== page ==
This museum, located on an active national guard base, is dedicated to the military aviation history, as well as “preserve the heritage and traditions of the Michigan Air National Guard, Selfridge Air National Guard Base, and the units that are/or were stationed there.” Since the air park displays are located on an active base, you need to provide appropriate documentation, including driver’s license, vehicle registration, and vehicle insurance.  Walk around the air park displays. This is a wonderful museum at which to see several aircraft from across several eras, all in one location and up close for viewing.



Wurtsmith Air Museum, Oscoda

“The Wurtsmith Air Museum is an all-volunteer, 501(c)(3) non-profit organization, dedicated to preserving the history of Wurtsmith Air Force Base and aviation in Northeastern Michigan. “We offer visitors three hangars full of military (all branches) and aviation history, static aircraft displays, artifacts, equipment and lots of WAFB memorabilia.”


Upper Peninsula

K.I. Sawyer Heritage Air Museum, Marquette

There used to be another military base in the state of Michigan, this time in Marquette. K.I. Sawyer is a former Air Force base turned museum. The new mission? “… committed to developing and promoting aviation, both Military and Civilian, by understanding the history of aviation in the Upper Peninsula.  We are here to aid in the education of the general population on the importance of airpower in the defense of our nation and the growth of aviation in or national economy.” The museum has seasonal hours as well as various days of the week depending on that season. There is no admission fee.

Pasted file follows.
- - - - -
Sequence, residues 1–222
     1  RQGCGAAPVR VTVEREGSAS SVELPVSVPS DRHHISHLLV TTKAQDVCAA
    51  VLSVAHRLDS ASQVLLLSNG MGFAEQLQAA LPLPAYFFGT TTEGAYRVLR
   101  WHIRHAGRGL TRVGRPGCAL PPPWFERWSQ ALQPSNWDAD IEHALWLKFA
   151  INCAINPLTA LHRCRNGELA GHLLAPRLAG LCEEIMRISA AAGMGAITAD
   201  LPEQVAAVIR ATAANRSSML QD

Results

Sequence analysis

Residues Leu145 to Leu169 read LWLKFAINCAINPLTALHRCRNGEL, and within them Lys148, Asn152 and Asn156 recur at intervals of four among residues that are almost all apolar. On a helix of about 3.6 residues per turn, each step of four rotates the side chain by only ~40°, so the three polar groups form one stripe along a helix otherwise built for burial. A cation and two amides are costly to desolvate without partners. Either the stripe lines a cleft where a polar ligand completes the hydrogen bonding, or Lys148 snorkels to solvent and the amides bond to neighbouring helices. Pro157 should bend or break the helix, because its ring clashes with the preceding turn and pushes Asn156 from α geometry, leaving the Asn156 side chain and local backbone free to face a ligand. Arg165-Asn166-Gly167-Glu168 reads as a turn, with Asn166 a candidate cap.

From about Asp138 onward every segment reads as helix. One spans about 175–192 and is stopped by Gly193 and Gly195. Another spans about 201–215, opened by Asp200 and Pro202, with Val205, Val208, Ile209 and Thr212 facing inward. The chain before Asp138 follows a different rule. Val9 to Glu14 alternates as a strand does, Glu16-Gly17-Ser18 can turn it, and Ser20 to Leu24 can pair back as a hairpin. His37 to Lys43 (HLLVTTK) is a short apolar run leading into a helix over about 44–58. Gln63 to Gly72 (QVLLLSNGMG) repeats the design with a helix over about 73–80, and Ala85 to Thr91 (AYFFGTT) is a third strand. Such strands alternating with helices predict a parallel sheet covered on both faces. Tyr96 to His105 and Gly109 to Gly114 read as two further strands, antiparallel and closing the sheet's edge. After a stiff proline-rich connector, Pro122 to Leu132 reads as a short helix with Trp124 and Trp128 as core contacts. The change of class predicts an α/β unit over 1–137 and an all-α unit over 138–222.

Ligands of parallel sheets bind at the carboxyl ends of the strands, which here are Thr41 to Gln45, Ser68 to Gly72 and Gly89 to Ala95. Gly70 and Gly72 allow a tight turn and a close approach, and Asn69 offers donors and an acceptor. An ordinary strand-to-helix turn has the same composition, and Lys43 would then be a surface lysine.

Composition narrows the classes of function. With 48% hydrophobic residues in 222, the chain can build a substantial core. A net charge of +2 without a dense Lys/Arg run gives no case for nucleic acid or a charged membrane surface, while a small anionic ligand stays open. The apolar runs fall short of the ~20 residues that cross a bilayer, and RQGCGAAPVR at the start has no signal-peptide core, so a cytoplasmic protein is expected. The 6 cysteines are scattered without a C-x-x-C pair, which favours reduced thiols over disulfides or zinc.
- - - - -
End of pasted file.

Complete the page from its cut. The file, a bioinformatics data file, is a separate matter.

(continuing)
Fighting Falcon Military Museum, Greenville

This little gem of a museum is in recognition of significant local history that characterized a town forever. Back in 1942, a refrigerator company, Gibson Refrigerator Company, had to turn its efforts to the war effort when it received a contract for production of CG-4A troop-carrying gliders (in addition to other defense contracts).  The red brick building used to operate as a school. Although the glider was the impetus of the museum and the focal point, the museum has expanded since its opening to include exhibits from the Civil War, World War I, World War II in Europe and the Pacific, the Korean conflict, Viet Nam and more recent conflicts. Open only on Sundays from 2-4:30 p.m.

Air Zoo, Kalamazoo

Air Zoo “is a world-class, Smithsonian-affiliated aerospace and science museum with over 100 air and space artifacts, inspiring interactive exhibits, full-motion flight simulators, indoor amusement park rides and hands-on, science-based camps and classes,” according to the website. You could easily spend an entire, full day looking through the exhibits, jumping on a simulator, and enjoying the handful of amusement park rides. There is plenty of historical, educational information to look through, but it truly becomes more present with the existence of the artifacts and aircraft in front of you. Kids and families will love visiting this incredible museum, which is open most of the year, seven days of the week.



Michigan History Museum, Lansing

When you visit our state’s capitol, walk two blocks west of the capitol building plans to the Michigan History Museum, which is located in the Michigan Library and Historical Center Building. There are multiple floors of Michigan history to explore, from the Ice Age until the 20th century. Hours are Tuesday-Saturday 10-4, and Sunday 1-5. Admission is modest.